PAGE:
Overview of what is important to include in a spiritual
In order to assess spirituality, it is important for the
clinician to have some self-awareness of their own spirituality, to
be able to care for their own spiritual needs, to establish a good
relationship with the patient, and to time the discussion
appropriately (Highfield, 2000). One author goes so far as to state
that assessment of spiritual pain depends, “as much upon the
spirituality of the caregiver, and upon their capacity for
contemplation, for close listening, to narrative, for intuition, and
for discernment, as it will upon the results of any neatly developed
questionnaire" (Bartel, 2004). Many providers may recognize
this kind of pain intuitively, however lack a clinically usable tool
to elicit discussion that helps to validate the patients’
experience. It is important to find a tool that works for you- that
you are comfortable using. The main areas to focus on are: source of
hope/meaning (transcendence), sense of community/social resources,
vocation, what the patient derives pleasure from (creativity), their
sense of moral authority/direction, and what resources they have (or
don’t) for discussion and/or reflection of spiritual matters.
Here are my top ones…
- What things do you enjoy doing? Are you doing them now?
- Where does your sense of what to do come from?
- Do you have someone you talk to for [spiritual/religious]
- What gives your life meaning?
- What sustains you during difficult times?
- What do you hope for?
- Are you part of a religious or spiritual community? Is it a
source of support? In what ways?
- What aspects of your religion/spirituality would you like me
to keep in mind as I care for you?
- Does your religious or spiritual beliefs influence the way you
look at your disease and the way you think about your health?
- As we plan for your care, how does your faith impact on your
For Diane Brady, careful assessment at each phase of the cancer
trajectory will ensure that interventions are tailored to the needs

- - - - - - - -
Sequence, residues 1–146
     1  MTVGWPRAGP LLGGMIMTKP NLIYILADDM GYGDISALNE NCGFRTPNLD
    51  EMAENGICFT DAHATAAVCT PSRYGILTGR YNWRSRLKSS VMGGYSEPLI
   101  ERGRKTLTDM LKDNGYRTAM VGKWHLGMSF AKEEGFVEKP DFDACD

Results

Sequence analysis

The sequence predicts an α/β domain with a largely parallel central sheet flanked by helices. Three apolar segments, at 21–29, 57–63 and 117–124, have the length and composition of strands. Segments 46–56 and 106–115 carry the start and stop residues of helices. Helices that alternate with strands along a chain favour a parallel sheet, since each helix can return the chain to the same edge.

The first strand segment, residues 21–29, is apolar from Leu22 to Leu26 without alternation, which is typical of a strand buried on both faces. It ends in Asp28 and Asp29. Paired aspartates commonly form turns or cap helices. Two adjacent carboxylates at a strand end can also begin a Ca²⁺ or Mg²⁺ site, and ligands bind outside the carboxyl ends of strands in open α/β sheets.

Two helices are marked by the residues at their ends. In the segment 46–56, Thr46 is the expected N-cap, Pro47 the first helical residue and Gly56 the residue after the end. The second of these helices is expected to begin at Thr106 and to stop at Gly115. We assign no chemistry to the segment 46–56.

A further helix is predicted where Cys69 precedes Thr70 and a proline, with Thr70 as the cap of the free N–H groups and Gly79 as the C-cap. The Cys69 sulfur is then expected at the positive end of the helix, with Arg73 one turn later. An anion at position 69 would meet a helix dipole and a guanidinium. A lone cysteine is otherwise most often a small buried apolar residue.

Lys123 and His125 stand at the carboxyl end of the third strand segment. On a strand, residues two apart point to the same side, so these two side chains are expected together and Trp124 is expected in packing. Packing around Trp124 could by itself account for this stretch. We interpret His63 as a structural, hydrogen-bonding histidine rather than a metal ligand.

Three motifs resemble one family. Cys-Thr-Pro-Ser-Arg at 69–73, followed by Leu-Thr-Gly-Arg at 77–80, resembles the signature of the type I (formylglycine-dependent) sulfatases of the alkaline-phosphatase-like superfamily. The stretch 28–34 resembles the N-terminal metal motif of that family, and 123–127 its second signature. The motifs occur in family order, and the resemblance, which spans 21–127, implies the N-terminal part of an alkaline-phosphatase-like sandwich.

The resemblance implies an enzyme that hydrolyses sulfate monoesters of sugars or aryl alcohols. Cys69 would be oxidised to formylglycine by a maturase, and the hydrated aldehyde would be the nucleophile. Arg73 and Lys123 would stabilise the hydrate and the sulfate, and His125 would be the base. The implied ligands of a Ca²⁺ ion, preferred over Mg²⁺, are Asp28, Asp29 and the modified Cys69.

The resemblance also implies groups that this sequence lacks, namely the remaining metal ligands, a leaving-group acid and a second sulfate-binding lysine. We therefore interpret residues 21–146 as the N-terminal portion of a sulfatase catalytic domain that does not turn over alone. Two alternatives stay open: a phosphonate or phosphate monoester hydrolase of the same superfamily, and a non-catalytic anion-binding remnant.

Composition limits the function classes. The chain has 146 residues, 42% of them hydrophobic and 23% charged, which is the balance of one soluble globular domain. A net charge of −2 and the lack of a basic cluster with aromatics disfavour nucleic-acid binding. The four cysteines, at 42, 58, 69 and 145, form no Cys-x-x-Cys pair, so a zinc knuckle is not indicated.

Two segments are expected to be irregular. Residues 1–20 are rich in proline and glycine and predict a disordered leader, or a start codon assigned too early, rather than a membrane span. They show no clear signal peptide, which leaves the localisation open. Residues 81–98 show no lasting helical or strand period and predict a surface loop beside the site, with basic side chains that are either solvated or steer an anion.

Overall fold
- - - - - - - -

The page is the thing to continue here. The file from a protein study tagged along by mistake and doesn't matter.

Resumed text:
of the individual. Research demonstrates that spiritual needs vary
as the individual seeks to make sense of the diagnosis, treatment,
learning to live with as a survivor, recurrence of disease, and
end-of-life (Halstead & Hull, 2001; Taylor, 2000).
Are there any resources about spiritual assessment that you
- Anandarajah, G. & Hight, E. (2001). Spirituality and
medical practice: Using the HOPE questions as a practical tool
for spiritual assessment. [see comment]. American Family
Physician, 63, 81-89.
- Bartel, M. (2004). What is spiritual? What is spiritual
suffering? Journal of Pastoral Care & Counseling, 58,
- Bregman, J. (2004). Editorial: Defining spirituality: Multiple
uses and murky meanings of an incredibly popular term. Journal
of Pastoral Care and Counseling, 58, 157-167.
- Gordon,T. (2004). A competency model for the assessment and
delivery of spiritual care. Palliative Medicine,18,
- Highfield, M.E. (2000). Providing spiritual care to patients
with cancer. Clinical Journal of Oncology Nursing, 4,115-120.
- Hodge, D.R. (2001). Spiritual assessment: a review of major
qualitative methods and a new framework for assessing
spirituality. [see comment]. Social Work, 46, 203-214.
- Puchalski, C., Dorff, E., & Hendi, Y. (2004).
Spirituality, religion, and healing in palliative care. Clinics
in Geriatric Medicine, 20, 689-714.
- Puchalski, C., & Romer, A.L. (2000). Taking a spiritual
history allows clinicians to understand patients more fully. Journal
of Palliative Medicine, 3,129-138.
- Vandenbrink, R.A. (2001). Spiritual assessment: Comparing the
tools. Journal of Christian Nursing, 18, 24-27.
How about on-line links to articles or web sites that could be